Dems, environmentalists cheer Zinke's departure

Democratic lawmakers joined conservation groups Saturday in cheering President TrumpDonald John TrumpSenate GOP budget ignores Trump, cuts defense Trump says he'll nominate Stephen Moore to Fed White House: ISIS territory in Syria has been 100 percent eliminated MORE’s announcement that Interior Secretary Ryan ZinkeRyan Keith ZinkeInterior reverses decision at heart of Zinke criminal investigation Acting Interior chief moves to protect access to public lands Overnight Energy: Judge halts drilling on Wyoming public lands over climate change | Dems demand details on Interior's offshore drilling plans | Trump mocks wind power MORE is leaving his job by the end of the year.

Zinke’s departure comes as Democrats prepare to take over as the majority in the House, which included gearing up to challenge policies created under Zinke and questioning a number of the secretary’s own ethical decisions.

Under Zinke’s watch, the Interior Department carried out an aggressively pro-industry agenda, angering greens and animal rights groups who had hoped the secretary would live up to his promises to be a Teddy Roosevelt-style conservationist.

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The secretary also came under fire for government spending, as well as questionable personal deals he entered into that some viewed as a conflict of interest.

“Ryan Zinke was one of the most toxic members of the cabinet in the way he treated our environment, our precious public lands, and the way he treated the govt like it was his personal honey pot,” Senate Minority Leader Charles SchumerCharles (Chuck) Ellis Schumer4 in 5 Americans say they support net neutrality: poll GOP senator: Trump's criticism of McCain 'deplorable' Schumer to introduce bill naming Senate office building after McCain amid Trump uproar MORE (D-N.Y.) tweeted.

“The swamp cabinet will be a little less foul without him.”

Rep. Raúl Grijalva (D-Ariz.), who’s in line to be the next chairman of the House Natural Resources Committee when Democrats take the majority next month, expressed a desire to move forward from Zinke.

“This is no kind of victory, but I’m hopeful that it is a genuine turning of the page,” he said. “Secretary Zinke’s successor has a chance to move on from on an unfortunate Trump administration record of environmental mismanagement and decline.” 

Rep. Don Beyer (D-Va.), a member of the Natural Resources panel, said he “will not miss” Zinke.

“Ryan Zinke’s tenure at Interior was a never-ending stream of terrible management decisions, increased exploitation of public lands, reduced protections for wildlife, total disregard for the work of scientists, and an alarming number of ethical lapses,” he tweeted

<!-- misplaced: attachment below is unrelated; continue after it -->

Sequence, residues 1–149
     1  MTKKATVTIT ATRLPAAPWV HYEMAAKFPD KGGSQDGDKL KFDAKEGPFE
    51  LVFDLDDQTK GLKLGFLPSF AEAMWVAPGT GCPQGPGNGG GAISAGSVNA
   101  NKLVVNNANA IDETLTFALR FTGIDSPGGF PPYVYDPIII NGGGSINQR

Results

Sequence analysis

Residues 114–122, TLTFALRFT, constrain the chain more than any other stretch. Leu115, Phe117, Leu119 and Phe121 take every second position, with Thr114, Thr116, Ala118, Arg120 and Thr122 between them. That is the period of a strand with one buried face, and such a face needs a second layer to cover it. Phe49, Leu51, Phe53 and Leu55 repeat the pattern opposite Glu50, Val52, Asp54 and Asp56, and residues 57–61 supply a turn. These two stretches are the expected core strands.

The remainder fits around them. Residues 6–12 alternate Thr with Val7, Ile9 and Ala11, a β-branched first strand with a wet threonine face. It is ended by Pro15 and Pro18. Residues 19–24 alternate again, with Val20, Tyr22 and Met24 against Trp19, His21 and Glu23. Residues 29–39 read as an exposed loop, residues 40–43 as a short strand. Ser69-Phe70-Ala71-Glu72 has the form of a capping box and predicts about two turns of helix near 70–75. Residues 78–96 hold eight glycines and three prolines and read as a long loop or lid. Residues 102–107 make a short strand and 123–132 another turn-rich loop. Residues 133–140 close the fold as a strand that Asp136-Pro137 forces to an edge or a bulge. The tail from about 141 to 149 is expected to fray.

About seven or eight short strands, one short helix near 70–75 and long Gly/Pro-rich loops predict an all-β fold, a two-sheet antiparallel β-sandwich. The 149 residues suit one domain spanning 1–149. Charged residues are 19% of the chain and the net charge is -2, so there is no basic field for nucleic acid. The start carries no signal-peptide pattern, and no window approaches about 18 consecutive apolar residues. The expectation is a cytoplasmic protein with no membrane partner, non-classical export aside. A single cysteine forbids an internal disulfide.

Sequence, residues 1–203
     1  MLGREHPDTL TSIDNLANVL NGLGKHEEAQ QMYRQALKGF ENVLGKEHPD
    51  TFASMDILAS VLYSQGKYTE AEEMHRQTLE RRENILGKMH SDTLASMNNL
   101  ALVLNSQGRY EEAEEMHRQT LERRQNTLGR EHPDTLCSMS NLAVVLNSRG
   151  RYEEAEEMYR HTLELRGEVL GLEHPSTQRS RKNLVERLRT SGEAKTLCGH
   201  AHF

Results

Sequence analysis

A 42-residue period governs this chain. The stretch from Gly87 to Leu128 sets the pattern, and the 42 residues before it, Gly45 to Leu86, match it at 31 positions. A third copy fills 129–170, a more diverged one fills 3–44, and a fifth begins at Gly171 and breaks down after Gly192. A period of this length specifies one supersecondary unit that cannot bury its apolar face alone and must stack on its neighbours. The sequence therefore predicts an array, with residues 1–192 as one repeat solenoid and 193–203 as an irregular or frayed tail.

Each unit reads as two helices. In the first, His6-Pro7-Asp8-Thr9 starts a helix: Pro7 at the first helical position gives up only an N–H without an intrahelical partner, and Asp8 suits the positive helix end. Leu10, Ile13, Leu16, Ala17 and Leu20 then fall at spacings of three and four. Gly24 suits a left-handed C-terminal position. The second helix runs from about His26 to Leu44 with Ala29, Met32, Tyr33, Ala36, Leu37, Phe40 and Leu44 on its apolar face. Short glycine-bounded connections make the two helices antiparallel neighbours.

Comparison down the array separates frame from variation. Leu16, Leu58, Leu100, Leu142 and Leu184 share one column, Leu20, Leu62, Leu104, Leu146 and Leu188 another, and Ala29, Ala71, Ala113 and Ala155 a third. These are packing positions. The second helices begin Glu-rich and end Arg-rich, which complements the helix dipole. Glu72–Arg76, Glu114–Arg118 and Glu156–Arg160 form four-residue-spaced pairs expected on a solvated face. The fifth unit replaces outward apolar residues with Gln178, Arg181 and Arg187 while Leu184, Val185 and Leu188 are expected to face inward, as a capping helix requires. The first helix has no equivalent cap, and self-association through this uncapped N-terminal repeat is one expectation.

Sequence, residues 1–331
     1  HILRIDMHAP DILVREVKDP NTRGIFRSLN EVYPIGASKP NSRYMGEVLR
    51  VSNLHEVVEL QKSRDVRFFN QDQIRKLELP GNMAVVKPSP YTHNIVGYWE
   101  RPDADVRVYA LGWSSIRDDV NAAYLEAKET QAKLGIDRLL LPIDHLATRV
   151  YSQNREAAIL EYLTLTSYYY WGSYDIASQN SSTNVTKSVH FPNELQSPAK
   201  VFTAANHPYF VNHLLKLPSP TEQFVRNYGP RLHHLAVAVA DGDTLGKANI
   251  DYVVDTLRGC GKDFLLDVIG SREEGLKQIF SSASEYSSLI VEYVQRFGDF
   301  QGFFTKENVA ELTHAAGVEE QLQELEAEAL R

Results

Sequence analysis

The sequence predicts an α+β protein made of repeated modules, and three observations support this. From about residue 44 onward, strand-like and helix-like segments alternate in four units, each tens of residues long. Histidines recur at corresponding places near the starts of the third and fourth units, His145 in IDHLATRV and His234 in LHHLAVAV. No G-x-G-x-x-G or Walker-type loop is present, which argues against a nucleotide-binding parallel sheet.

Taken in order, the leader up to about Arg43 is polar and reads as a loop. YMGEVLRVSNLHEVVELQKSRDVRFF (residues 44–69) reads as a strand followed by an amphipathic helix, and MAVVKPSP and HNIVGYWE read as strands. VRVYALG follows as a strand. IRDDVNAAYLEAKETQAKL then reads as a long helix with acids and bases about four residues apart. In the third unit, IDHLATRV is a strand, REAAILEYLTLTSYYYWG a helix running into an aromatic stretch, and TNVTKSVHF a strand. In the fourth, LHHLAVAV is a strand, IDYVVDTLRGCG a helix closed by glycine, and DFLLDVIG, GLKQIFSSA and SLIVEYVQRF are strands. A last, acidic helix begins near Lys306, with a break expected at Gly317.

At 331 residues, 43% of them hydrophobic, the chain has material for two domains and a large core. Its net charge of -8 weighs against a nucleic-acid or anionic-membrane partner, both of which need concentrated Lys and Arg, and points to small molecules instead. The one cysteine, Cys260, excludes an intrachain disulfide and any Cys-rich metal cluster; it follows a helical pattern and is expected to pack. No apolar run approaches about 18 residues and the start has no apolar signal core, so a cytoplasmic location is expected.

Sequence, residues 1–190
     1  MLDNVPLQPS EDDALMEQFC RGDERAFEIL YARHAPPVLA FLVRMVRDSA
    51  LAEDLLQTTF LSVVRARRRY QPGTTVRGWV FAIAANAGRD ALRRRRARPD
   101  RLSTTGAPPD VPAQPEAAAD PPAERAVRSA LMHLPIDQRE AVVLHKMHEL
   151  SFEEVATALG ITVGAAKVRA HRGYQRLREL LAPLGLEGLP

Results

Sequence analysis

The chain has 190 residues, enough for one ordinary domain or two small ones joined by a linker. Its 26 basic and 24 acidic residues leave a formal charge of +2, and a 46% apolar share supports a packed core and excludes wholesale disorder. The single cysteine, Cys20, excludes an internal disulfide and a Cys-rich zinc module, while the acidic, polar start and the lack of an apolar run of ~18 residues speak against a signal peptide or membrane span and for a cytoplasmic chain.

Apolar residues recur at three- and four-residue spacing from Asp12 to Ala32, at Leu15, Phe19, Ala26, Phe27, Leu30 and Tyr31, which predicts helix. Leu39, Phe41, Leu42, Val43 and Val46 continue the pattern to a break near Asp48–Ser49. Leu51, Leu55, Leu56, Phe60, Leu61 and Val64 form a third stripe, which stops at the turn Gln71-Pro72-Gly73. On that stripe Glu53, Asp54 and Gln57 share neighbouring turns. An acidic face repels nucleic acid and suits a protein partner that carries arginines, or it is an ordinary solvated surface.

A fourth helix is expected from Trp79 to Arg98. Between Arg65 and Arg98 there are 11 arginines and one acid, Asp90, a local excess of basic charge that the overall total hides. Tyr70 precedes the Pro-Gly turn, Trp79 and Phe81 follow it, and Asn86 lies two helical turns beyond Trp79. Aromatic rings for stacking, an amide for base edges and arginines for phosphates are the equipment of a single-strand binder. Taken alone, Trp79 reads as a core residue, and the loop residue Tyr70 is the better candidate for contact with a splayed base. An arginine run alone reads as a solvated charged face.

Beyer said Zinke is “avoiding the accountability” of having Democrats in the House majority by leaving now.

Environmentalists and conservationists were quick to celebrate Zinke’s departure, pointing out all of the policy changes he enacted during his 19 months on the job, including the decision to shrink the boundaries of two national monuments and opening up offshore oil and gas exploration.

“Ryan Zinke will go down as the most anti-conservation Interior secretary in our nation’s history,” said Jennifer Rokala, executive director of the Center for Western Priorities. “By following President Trump’s marching orders to attack our public lands, Secretary Zinke oversaw an unprecedented and likely illegal attack on America’s national monuments.”

“Ryan Zinke was wholly unqualified to lead the Department of the Interior,” said Ana Unruh Cohen, managing director of government affairs at the Natural Resources Defense Council. “He lacks the ethics, integrity and the dedication to the agency’s core mission to act as a steward for America’s public lands, wildlife and natural resources.”

Nevertheless, Zinke will eventually be replaced, and conservationists are bracing for Trump to pick a candidate whose positions they most likely will equally dislike.

David Bernhardt, Zinke’s deputy, is the most likely person to take over the secretary position when Zinke leaves.

Bernhardt, a former energy lobbyist, would be as keen to continue fossil fuel and mineral extraction on public lands as Zinke has been, the greens argue.

“Allowing David Bernhardt to continue to call the shots will still be just as ugly. Different people, same appetite for greed and profit,” said Kieran Suckling, executive director of the Center for Biological Diversity.

“We cannot allow a lobbyist like David Bernhardt to transform our public lands and waters into oil and gas production zones when we have basically a decade left to avoid climate catastrophe, said Janet Redman, climate director at Greenpeace USA.

“Luckily, we have new political leaders in the U.S. House of Representatives who campaigned on halting climate change and sparking a transition away from fossil fuels. They can start delivering on their campaign promises by investigating corruption and ethical violations at the Interior Department and making sure that Bernhardt doesn’t continue the Trump administration policy of selling off our federal lands and waters to the highest bidder.”